195 F2d 519 West Texas Utilities Co v. National Labor Relations Board

195 F.2d 519

WEST TEXAS UTILITIES CO., Inc.

v.

NATIONAL LABOR RELATIONS BOARD.

No. 13805.

United States Court of Appeals Fifth Circuit.

April 4, 1952.

Rehearing Denied May 1, 1952.

Frank Cain, Dallas, Tex., for petitioner.

Thomas F. Maher, Attorney, National Labor Relations Board, A. Norman Somers, Asst. Gen. Counsel, and David P. Findling, Assoc. Gen. Counsel, all of Washington, D. C., for respondent.

Before HOLMES, RUSSELL, and RIVES, Circuit Judges.

HOLMES, Circuit Judge.

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1

On June 28, 1951, pursuant to Section 10(c) of the National Labor Relations Act, as amended, 29 U.S.C.A. § 151 et seq., the National Labor Relations Board entered its order1 in which it held that the petitioner had violated Section 8(a), sub-sections (1) and (3), of the National Labor Relations Act. The order required petitioner to cease and desist from the unfair labor practices complained of, to reinstate and make whole one employee, M. F. Huddleston; and to make whole another employee, A. M. Coplen, who had been discharged and subsequently re-employed. Petitioner is here asking the court to set aside the order as to the reinstatement of Huddleston and the making whole of Huddleston and Coplen. The Board prays that the order be enforced in its entirety.

2

It is the petitioner's contention that the Board erred in holding that Huddleston was not a supervisor as defined by Section 2(11) of the National Labor Relations Act, and in holding that Coplen was discharged because of his union activities. Upon careful consideration of the entire record, we find no error in the Board's decision; its finding that Huddleston was not a supervisor is substantially supported by the evidence. Though the petitioner contends that Huddleston was a shift engineer with supervisory power, the evidence strongly supports the finding that he was a machinist without any supervisory authority. It is significant that the very reason put forward by petitioner for discharging Huddleston was that he refused to accept a promotion to foreman.

3

In informing Huddleston of the promotion, petitioner's production superintendent stated that Huddleston's classification was to be changed to foreman, and that he would receive an increase in wages of five cents per hour. It was explained, however, that there would be no change in his duties. Huddleston declined to accept the change in title for the reason that he felt he would be discharged for past union activities upon acceptance of a supervisory status that would deprive him of the protection afforded non-supervisory employees. He had been active in the organizational campaign of petitioner's employees, and was at one time chairman of the local unit of the union. As a union representative, he had processed a grievance in behalf of a discharged union member. There is evidence in the record to the effect that petitioner's chief engineer and assistant engineer had informed other employees that Huddleston had been discharged because he was a union ringleader.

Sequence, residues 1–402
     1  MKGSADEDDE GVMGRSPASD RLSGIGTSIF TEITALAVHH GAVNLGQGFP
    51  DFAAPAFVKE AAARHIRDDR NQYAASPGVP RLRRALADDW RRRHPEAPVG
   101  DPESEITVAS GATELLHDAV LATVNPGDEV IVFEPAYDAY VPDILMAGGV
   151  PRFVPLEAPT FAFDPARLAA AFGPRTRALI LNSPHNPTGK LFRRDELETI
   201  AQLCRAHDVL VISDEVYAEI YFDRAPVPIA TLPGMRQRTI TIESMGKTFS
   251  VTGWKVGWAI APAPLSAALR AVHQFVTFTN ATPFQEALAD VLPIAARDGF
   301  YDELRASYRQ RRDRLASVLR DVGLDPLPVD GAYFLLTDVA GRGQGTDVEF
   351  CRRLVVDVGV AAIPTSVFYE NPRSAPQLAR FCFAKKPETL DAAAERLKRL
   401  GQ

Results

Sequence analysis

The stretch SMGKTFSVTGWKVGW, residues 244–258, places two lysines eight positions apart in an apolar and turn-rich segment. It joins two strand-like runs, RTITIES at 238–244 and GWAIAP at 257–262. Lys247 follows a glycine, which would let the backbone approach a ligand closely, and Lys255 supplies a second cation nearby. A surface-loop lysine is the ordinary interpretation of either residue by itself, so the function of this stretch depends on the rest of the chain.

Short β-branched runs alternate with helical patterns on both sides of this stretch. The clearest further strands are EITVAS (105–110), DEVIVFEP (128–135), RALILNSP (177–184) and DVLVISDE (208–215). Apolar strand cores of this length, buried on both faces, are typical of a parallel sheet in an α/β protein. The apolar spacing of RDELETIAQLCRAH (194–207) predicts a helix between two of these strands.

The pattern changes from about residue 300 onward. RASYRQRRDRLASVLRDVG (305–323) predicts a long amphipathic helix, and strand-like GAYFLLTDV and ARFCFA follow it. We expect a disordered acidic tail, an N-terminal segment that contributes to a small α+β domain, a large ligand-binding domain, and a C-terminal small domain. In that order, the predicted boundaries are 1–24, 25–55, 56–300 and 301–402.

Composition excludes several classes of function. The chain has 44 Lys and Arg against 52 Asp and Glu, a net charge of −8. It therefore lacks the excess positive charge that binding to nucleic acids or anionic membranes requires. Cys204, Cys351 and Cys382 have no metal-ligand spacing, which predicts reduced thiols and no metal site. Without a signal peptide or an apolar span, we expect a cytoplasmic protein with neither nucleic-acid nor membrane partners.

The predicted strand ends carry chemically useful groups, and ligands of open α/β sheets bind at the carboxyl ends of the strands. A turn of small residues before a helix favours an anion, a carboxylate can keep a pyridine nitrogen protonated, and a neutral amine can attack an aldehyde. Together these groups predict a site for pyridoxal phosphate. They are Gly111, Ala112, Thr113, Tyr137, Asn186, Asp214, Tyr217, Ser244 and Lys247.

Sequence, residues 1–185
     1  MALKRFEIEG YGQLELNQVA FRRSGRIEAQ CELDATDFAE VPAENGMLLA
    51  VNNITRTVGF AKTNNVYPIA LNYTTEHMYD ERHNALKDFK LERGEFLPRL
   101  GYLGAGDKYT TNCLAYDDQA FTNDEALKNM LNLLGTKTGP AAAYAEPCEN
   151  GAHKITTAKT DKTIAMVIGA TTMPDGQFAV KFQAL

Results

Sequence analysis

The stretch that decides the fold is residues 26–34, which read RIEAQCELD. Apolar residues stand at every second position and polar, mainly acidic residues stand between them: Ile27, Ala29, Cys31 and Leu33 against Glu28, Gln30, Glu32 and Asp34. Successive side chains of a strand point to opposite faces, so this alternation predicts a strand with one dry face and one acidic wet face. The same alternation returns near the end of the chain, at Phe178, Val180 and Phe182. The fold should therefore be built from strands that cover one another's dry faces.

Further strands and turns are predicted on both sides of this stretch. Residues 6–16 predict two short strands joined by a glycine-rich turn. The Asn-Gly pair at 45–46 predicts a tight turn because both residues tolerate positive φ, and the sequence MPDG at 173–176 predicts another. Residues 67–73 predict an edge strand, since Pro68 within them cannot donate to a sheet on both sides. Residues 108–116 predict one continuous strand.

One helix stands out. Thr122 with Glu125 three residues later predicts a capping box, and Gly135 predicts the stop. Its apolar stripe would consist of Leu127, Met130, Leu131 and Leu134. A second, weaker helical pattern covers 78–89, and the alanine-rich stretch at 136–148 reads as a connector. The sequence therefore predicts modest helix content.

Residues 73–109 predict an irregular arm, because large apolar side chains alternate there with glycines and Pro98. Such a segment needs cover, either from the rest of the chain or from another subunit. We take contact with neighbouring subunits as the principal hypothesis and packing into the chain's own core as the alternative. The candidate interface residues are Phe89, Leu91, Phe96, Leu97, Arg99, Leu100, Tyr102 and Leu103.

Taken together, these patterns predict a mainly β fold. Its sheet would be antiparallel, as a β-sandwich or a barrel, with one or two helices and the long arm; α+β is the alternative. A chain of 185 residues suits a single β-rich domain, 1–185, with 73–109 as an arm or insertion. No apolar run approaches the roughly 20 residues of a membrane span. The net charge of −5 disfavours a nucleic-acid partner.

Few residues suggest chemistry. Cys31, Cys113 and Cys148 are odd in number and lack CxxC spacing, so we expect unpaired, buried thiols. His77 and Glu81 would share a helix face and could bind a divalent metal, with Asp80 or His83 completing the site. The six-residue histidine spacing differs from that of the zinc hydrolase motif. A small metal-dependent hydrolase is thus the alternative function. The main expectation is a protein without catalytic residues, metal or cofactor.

4

A. M. Coplen had worked for petitioner for approximately five years, during which time he was assigned primarily to work as a painter. He was discharged on September 6, 1949, and re-employed approximately seven months later. There is evidence to the effect that Coplen had been questioned and threatened about his union activity. Though petitioner contended that Coplen was discharged because there was no painting work for him to do, the evidence does not support such contention. N. L. R. B. v. Abbott Worsted Mills, Inc., 1 Cir., 127 F.2d 438, 440; Law v. N. L. R. B., 10 Cir., 192 F.2d 236; Angwell Curtain Co. v. N. L. R. B., 7 Cir., 192 F.2d 899, 902. The petition to set aside the order is denied; the petition to enforce it is granted.

5

Order enforced.

Notes:

1. 94 N. L. R. B. 1638.